This was my star turn for many years. The starter was a confection of canned peach halves filled with chopped ham and mayonnaise, topped with parsley and served on a bed of crispy lettuce. These could be prepped the day before. The dessert was always one of those fridge tarts, involving a lot of cream and condensed milk and in the cheat’s book, a packet of jelly chosen to complement the flavour of the tart – lemon or strawberry. Just to ensure the tart held together when sliced and served, liberally decorated with more cream and the fruit of choice. You can seriously impress with whipped cream and fruit even if the texture is a bit leathery after having been prepared the day before.

I was also proud of my ice cream trifle which came about because I had forgotten to get custard or cream. I had the sponge cake and the sherry, the glacé cherries and chocolate. I looked in the freezer for inspiration and there was the vanilla ice cream I kept for the kids. Voila! I mixed all the ingredients in with the ice cream and froze it until the next evening. It was a hit, served in an elegant pottery bowl and decorated with shaved chocolate. I work on the basis that it is not so much what the dish is, but how you serve it.

It wasn’t too hard to get away with the cheat’s cuisine because all the other women were doing it too. How the hell else could you be a feminist, a hostess, a mother, a wife and a working gal? Frozen pastry, mayo, cream and condensed milk were your pals, along with the biscuit base for your tart which you crushed underfoot in a plastic bag while preparing the kids’ supper.

Coffee was always served at the end of dinner back in those days. I had two cheats to hand here: very, very strong instant coffee served in those little espresso cups, or cappuccino – with a froth made by vigorously mixing coffee, sugar and a little milk well in advance and leaving to stand until adding boiling water. Some sort of liqueur was always offered and later Irish coffees, which sent them home smiling. Who can forget those thick Irish coffee glasses with a line to indicate the depth of the cream and a ropey looking shamrock on the side?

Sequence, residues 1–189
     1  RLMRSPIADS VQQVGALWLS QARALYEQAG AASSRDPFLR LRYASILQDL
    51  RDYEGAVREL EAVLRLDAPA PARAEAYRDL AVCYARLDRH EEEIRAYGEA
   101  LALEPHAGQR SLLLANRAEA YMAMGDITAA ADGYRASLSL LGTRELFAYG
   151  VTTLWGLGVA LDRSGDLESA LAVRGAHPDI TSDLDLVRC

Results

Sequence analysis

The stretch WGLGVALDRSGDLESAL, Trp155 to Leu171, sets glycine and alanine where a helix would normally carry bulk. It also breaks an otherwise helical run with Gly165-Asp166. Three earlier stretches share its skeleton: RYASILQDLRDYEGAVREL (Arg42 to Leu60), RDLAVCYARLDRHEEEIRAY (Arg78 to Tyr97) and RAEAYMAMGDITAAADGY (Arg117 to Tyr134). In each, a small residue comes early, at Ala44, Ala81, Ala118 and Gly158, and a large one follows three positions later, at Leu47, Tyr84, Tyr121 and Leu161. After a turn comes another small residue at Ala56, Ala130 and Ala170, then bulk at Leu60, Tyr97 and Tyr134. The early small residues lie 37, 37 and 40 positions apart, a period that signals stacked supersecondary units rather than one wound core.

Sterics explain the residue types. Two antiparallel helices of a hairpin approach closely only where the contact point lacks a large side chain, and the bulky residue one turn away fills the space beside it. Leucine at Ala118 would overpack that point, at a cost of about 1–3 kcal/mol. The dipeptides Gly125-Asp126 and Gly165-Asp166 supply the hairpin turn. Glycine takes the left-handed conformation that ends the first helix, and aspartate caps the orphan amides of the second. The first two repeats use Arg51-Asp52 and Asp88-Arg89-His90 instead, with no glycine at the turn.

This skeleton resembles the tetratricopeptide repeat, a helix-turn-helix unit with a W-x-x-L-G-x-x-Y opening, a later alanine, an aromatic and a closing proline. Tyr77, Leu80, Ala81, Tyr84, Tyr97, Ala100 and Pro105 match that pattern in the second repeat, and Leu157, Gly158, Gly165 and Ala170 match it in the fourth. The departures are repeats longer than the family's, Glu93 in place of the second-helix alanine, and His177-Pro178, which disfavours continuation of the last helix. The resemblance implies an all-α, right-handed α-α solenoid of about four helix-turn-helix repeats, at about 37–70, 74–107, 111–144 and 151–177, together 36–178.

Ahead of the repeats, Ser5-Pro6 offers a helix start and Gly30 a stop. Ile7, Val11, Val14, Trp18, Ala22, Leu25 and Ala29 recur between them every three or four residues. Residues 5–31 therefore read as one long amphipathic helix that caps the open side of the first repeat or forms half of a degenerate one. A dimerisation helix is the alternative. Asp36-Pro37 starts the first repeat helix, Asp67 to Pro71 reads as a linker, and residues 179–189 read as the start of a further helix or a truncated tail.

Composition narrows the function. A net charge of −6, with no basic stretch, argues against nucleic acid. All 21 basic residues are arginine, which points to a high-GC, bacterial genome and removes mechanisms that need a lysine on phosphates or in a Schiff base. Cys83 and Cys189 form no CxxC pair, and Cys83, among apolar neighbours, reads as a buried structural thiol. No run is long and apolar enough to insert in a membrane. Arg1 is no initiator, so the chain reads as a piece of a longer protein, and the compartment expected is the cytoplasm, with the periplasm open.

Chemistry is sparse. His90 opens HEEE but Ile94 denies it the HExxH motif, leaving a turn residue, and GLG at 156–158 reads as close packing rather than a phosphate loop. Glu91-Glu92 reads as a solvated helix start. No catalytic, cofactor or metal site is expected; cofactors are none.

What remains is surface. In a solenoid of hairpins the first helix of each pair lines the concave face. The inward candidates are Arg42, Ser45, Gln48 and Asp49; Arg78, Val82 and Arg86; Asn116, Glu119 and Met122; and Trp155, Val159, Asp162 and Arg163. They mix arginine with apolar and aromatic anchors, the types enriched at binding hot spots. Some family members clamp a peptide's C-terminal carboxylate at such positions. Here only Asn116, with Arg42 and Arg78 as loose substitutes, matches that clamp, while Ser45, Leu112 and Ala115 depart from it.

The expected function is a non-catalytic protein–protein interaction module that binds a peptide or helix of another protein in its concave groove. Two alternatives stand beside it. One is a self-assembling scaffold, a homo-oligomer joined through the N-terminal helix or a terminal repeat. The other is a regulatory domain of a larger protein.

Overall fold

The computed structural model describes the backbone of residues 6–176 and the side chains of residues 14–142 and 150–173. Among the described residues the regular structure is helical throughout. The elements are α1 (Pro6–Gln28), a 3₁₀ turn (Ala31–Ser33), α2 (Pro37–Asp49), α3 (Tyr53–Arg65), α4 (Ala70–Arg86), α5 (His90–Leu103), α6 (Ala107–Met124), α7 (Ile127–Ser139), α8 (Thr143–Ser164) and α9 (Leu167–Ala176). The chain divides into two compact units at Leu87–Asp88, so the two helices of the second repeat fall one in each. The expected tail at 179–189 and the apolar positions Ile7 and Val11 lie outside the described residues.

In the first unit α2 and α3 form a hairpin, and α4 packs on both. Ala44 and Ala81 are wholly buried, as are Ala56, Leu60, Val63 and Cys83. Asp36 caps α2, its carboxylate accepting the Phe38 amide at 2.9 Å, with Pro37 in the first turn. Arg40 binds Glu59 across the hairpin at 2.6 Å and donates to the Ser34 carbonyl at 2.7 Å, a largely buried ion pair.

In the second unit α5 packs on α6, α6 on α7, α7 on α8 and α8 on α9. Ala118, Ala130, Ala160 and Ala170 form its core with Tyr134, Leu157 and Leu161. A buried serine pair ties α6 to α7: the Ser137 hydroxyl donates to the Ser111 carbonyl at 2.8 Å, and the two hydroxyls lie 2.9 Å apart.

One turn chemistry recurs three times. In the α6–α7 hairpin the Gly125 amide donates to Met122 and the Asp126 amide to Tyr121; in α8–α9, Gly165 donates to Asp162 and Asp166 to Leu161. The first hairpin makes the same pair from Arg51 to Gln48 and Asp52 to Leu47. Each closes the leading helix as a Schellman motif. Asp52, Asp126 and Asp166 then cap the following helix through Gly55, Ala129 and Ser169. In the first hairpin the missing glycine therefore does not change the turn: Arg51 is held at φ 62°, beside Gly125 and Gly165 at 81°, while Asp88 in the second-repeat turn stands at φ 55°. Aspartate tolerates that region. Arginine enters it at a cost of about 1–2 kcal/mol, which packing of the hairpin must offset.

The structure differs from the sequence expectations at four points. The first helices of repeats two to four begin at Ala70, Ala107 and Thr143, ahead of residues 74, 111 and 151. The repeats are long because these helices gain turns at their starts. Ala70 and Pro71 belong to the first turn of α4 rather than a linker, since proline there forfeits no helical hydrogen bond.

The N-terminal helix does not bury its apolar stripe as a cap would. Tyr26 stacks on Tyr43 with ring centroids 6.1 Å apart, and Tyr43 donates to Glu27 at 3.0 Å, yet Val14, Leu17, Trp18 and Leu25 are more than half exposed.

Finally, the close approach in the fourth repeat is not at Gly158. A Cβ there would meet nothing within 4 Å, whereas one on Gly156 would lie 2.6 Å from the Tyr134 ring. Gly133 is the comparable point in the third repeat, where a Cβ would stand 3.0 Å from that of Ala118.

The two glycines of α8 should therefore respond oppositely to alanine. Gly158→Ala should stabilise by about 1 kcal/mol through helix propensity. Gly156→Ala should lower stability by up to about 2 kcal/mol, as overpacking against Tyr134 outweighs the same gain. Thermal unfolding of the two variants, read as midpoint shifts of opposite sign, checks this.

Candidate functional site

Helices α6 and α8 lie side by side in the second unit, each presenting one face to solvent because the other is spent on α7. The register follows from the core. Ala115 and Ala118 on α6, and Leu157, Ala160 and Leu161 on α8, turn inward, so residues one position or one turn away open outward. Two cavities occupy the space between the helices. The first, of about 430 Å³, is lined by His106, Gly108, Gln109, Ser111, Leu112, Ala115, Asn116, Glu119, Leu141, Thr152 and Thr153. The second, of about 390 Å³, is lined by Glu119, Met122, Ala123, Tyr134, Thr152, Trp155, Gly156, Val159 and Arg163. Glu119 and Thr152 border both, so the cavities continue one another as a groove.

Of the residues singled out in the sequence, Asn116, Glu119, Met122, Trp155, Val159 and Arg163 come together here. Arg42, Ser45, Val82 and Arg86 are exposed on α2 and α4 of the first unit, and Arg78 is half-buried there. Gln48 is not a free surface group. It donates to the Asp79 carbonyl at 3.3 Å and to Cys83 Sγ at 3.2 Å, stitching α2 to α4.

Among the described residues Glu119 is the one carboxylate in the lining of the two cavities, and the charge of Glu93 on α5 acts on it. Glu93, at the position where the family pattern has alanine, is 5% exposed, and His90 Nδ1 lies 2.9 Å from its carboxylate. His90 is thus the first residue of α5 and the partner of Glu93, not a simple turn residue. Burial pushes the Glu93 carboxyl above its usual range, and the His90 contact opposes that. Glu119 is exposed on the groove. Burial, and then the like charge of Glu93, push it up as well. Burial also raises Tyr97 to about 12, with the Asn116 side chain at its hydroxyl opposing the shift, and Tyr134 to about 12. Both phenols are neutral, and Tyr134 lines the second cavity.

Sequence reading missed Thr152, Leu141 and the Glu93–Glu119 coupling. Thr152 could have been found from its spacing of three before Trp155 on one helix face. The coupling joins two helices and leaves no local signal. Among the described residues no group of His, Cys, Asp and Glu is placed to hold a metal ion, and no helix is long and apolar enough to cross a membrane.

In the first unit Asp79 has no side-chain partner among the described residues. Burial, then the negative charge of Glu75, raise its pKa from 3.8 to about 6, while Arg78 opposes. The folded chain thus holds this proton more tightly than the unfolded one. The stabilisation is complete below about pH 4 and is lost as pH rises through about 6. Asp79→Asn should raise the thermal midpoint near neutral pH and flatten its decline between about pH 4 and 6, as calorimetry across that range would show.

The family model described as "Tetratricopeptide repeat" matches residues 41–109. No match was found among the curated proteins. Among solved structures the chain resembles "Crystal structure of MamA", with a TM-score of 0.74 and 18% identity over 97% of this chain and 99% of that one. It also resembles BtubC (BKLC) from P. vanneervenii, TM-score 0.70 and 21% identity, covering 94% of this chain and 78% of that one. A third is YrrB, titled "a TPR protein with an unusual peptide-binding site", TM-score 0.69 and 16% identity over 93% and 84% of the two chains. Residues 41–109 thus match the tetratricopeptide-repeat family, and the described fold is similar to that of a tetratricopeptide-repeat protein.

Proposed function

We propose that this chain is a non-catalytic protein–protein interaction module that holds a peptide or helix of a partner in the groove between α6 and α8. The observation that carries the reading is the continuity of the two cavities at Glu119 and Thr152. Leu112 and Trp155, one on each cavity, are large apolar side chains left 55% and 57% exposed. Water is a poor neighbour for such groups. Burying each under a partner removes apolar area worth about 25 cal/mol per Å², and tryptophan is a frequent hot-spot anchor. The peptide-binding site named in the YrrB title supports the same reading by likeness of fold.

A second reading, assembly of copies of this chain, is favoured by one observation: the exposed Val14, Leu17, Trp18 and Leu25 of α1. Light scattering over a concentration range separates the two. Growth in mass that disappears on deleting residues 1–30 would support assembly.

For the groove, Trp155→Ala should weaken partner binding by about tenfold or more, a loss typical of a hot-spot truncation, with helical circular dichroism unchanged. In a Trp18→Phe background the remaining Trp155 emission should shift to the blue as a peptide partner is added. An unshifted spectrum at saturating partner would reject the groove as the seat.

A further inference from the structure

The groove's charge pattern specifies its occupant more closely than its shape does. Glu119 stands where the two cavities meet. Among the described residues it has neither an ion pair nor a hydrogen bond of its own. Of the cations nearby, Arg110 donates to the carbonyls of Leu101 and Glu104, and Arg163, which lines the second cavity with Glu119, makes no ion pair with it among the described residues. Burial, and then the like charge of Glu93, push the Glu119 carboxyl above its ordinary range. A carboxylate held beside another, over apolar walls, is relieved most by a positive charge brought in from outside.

It all came to an end by the mid-Eighties when we were forced to get real and food entered the realm of politically correct lifestyles. I say the Vegans were an underground movement even then, just waiting for auspicious star signs to connect. Like the Christians emerging from the catacombs of Rome and preaching on country roads.

We don’t have Woolies in Cradock, but we have a host of women who can cook like angels and freeze the produce. I can still cheat with the best of them by adding good glasses and cutlery, throwing together a floral setting and dimming the lights – but hey, I married The Foodie. These days all I have to do is the flowers. DM/TGIFood

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  • “I say the Vegans were an underground movement even then, just waiting for auspicious star signs to connect. Like the Christians emerging from the catacombs of Rome and preaching on country roads.” — Never thought if it that way before. Ha Ha. Love it. I reckon you’ve hit the nail on the head. And can totally relate to those dinner parties. Never do I see a lemon meringue pie without thinking of crushing those biscuits, Tennis I think they were, for the base. And condensed milk, of course. Lemon season now. After this read, am feeling inspired to try recreate that old-time magic.